This morning, the long delayed, not so highly await French version of the Huffington post launched – and only a few weeks after the site was hacked and had its landing page screenshoted and posted publicly. The site launched amidst much other news, including the DLD 2012 conference in Munich, which took up much of the European twitter buzz.
I am not Le Huffington Post’s target audience, as I read most of my news in English, and what French news I follow usually comes from Les Guignols d’info, literally “news puppets” who find a good balance between the Muppets and the Daily Show. Nonetheless, I took a look at “Le HuffPo” to see what was in the news for the day. Outside of the easy French presidential race news, things began getting a little disperse: some European news, some Internet News, and some shallow American election new. But again, I am not the target audience, so I took to twitter to see how people were reacting – Kima co-founder Jeremie Berrebi summed it up nicely:
Does Le Arianna know what French people want?
The highest apraisal of Le HuffPo seemed to place it as a competitor to LeMonde, France’s oldest and noblest of papers – but the question remains as to whether Huffington Post will be relevant in France. The Kernel’s Nick Denys recently wrote a piece on why HuffPo failed in the UK, citing that “Arianna Huffington seemed to be under the impression that the launch of HuffPo UK would be greeted as a revolutionary marvel by the British – as if she were the first person to bring fire to these isles.” Will Arianna bring the same attitude to France? If so, the French have long been a vocal and local people, and an outsider trying to tell them what news is news may not go over so well.
It’s already been a rocky start….
Huffington Post France has had a rough time from the beginning. Since the announcement that HuffPo France would be head up by Anne Sinclair, a well known broadcast journalist from TF1, Canal+ and more, it’s been nothing but controversy and delays. At one point, the site was just going to translate its American counterpart’s articles, and then it seemed an army of writers would be paid to fill the site with original content.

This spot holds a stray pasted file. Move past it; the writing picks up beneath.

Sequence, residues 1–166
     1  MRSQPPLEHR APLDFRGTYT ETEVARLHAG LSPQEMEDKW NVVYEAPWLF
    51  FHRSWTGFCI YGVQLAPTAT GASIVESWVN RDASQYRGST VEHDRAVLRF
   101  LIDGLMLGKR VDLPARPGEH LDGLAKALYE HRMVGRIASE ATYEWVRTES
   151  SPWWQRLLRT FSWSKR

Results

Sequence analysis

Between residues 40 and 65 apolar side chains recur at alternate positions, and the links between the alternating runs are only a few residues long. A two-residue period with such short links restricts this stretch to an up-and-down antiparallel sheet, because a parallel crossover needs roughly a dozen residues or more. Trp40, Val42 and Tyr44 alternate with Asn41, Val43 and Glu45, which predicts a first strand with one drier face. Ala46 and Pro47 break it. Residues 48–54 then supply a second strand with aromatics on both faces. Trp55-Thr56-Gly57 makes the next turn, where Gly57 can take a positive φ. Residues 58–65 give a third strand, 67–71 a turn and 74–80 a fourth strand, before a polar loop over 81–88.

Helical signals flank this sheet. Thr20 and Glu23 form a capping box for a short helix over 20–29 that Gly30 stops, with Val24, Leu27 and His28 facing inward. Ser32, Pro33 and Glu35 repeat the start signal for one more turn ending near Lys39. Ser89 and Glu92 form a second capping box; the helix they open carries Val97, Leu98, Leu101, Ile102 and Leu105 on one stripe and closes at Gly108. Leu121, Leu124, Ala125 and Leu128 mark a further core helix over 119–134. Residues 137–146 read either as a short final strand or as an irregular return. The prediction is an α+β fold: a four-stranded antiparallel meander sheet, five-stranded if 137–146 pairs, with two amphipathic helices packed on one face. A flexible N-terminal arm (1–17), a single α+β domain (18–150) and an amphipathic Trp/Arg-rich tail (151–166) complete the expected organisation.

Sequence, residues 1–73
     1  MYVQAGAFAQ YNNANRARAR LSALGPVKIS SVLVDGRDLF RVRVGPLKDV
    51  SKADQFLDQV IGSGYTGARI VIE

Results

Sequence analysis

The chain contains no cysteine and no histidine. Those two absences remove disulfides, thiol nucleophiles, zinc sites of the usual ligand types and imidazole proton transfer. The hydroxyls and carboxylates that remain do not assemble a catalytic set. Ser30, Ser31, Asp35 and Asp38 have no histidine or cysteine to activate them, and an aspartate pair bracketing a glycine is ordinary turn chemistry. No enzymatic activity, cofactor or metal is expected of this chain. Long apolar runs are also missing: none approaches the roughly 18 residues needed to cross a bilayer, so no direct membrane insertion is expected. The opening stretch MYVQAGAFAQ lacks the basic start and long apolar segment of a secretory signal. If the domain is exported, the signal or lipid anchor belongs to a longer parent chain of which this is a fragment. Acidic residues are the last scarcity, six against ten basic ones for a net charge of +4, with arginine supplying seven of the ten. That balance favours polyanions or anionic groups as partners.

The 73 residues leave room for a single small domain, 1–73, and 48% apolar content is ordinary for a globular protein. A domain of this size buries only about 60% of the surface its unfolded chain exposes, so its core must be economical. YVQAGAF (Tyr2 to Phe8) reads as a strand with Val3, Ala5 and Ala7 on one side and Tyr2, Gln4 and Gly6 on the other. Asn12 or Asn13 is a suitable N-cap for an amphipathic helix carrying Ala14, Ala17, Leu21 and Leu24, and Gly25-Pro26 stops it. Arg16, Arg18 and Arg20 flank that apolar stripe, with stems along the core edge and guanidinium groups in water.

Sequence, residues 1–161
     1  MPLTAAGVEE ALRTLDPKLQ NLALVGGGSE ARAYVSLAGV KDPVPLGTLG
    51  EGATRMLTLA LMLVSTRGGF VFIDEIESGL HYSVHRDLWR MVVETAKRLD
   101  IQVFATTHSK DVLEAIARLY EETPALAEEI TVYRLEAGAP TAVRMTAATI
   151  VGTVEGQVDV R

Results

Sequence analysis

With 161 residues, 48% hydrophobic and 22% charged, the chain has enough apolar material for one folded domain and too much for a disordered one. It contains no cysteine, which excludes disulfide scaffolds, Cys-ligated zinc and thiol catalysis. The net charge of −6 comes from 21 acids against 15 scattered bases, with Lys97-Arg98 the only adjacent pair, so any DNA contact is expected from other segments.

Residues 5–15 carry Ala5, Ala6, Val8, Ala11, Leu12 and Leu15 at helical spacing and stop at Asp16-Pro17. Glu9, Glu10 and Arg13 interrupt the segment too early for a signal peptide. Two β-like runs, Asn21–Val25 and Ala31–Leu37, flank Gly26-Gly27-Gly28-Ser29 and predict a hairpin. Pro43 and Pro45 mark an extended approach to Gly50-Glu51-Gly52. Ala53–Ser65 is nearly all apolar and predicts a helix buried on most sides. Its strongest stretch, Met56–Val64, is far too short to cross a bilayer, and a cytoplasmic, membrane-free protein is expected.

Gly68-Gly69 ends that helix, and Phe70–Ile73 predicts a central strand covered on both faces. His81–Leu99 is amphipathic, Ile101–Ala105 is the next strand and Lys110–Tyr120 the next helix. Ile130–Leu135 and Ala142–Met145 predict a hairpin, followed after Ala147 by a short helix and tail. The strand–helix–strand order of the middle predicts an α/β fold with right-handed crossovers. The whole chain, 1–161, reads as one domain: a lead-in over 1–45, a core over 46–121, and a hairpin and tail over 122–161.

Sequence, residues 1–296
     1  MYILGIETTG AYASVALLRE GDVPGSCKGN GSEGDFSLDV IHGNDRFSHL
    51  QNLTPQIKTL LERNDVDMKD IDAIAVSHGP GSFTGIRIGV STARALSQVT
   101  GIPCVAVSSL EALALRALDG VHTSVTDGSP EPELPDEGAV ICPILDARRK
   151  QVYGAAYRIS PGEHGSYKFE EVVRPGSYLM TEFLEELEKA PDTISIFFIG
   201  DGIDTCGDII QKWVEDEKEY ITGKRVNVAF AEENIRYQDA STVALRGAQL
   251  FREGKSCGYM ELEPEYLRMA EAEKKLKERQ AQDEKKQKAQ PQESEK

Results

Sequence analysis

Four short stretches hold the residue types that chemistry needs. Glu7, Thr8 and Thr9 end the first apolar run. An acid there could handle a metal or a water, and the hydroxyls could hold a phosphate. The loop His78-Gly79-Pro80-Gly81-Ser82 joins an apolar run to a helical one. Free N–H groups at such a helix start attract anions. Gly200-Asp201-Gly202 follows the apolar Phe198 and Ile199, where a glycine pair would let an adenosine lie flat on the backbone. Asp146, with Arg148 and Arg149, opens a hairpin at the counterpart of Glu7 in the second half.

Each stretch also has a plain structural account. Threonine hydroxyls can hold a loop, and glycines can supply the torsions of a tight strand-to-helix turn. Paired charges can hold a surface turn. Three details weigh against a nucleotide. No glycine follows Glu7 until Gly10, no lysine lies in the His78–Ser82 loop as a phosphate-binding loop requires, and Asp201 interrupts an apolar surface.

Upon its launch today, Christophe Ginisty released an article explaining why he wouldn’t be working with Huffington Post France, citing that the HuffPo team was very sly in their approach, initially very convivial and welcoming, until the question of payment came up. His article highlights email correspondences between herself and HuffPo France, and gives a pretty poor impression of how Huffington Post is treating its writers, at least in the onset.
Another TechCrunch France?
TechCrunch France has long had problems with its US counterpart, whether it be paying writers, getting administrative work on the site, or being kept in the loop on goings on. TCFR has shut down three times by my count, most recently in the past 3 months. With Huffington Post being under the same AOL umbrella, it’s hard to imagine that there will be a better treatment of the team – at best, Anne Sinclair might get Mike Butcher status.
I don’t think I’ll be getting my news from HuffPo France any time soon, and since most of my twitter feed is French people comparing the US site to the French site, I think that the French site will be competing with its US Counterpart just to get the attention of French-speaking audience. Between that and LeMonde, Figaro, and FrenchWeb, it may be difficult for Le HuffPo to find its place in French readers’ hearts, eyes, and time.